Advancements in rubber chemistry and improved engineering have resulted in a timing belt that is better and may last longer than a timing chain. That is, if the belt is installed and tensioned correctly. Timing belts are better. They are lighter, quieter and you don’t have to lube them. They can simplify many otherwise complex engine designs and they can drive multiple components. A regular inspection and scheduled replacement of the timing belt is a necessary maintenance procedure. The recommended replacement intervals may range from 36,000 – 100,000 miles, and they are documented in the owner’s manual and service manuals.
Some engines are classified as constant clearance or free-wheeling engines. Should a belt break or slip on the sprockets of one of these engines, no serious engine damage will result. Instead, just the inconvenience of a tow would be encountered. However, some engines are classified as interference engines and serious engine damage will occur with timing belt failure. When the belt breaks, the camshaft stops and the crankshaft doesn’t. This results in valves hitting pistons,bent metal and broken parts. Cylinder walls can be scored beyond repair and pistons can get holes punched through them. This can be prevented through regular inspections and replacement of the timing belt at the vehicle manufacturer’s recommended interval.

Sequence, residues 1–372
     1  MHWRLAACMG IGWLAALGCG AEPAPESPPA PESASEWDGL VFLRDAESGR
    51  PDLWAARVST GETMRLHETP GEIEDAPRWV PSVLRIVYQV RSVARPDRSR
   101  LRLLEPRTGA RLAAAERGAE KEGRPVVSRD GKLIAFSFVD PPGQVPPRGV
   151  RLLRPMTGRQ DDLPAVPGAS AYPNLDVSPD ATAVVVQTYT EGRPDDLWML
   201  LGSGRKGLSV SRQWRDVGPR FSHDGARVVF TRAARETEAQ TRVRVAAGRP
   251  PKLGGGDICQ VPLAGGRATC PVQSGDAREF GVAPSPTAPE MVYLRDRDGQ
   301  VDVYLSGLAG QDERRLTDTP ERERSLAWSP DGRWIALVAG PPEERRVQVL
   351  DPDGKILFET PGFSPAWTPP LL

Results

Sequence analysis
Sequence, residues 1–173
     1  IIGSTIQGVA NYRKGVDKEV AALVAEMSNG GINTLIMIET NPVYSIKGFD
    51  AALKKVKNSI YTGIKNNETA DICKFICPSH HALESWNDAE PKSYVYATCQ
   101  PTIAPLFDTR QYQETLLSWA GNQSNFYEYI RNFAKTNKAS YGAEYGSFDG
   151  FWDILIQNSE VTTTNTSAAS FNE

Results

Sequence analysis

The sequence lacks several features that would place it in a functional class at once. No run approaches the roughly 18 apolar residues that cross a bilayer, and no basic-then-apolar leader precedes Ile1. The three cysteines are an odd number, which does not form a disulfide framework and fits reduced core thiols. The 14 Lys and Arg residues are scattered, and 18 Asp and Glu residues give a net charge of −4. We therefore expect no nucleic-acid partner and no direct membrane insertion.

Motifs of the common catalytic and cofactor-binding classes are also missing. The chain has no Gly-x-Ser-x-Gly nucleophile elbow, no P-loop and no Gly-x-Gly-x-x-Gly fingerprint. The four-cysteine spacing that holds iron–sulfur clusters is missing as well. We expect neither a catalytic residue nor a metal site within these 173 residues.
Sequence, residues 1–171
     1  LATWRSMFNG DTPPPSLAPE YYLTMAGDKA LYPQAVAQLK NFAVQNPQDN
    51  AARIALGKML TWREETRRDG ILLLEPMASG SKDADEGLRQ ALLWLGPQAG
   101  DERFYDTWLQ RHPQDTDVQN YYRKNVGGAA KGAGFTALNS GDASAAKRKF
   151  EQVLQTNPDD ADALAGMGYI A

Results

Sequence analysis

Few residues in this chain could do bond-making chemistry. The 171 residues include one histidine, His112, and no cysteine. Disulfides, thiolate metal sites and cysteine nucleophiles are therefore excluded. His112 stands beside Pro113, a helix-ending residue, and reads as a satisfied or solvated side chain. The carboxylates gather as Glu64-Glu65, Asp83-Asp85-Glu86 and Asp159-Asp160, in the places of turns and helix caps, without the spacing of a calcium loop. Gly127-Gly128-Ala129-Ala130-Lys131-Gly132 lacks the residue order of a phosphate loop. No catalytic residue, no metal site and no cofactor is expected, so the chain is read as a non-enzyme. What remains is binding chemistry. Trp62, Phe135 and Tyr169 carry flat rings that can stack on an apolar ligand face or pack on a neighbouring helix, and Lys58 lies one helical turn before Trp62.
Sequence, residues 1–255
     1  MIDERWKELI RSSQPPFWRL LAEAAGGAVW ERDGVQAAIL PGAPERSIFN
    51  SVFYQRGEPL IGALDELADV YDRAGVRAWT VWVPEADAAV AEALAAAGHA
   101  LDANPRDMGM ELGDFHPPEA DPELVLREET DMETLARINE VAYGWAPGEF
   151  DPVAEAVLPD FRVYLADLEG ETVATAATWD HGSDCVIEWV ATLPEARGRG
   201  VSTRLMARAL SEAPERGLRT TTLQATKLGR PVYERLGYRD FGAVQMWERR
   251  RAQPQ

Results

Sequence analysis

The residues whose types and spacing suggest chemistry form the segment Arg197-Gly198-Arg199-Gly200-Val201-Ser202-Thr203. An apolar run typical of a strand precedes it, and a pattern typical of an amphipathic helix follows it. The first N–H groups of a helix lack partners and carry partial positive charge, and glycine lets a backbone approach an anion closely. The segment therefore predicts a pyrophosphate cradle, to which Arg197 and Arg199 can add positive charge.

Proper belt tension is imperative for long belt life. Following a timing belt installation, some technicians set belt tension as if it were a V belt. The timing belt does not rely on friction to turn the sprockets; instead, the belt teeth carry the load. Belt tensioning procedures vary by engine design. Timing belts don’t stretch; instead, they wear and loosen from overtightening. Failure to follow the recommended installation and tensioning procedures can result in belt ratchet or slippage on the sprockets, thus costly engine damage.
The condition may occur immediately or in a few thousand miles. It may require a shock load to the belt such as an engine stall or an attempted push start (with manual transmission) to slip the belt on the sprockets. It gets difficult to explain why your belt failed in 10,000 miles and the original lasted 80,000 miles.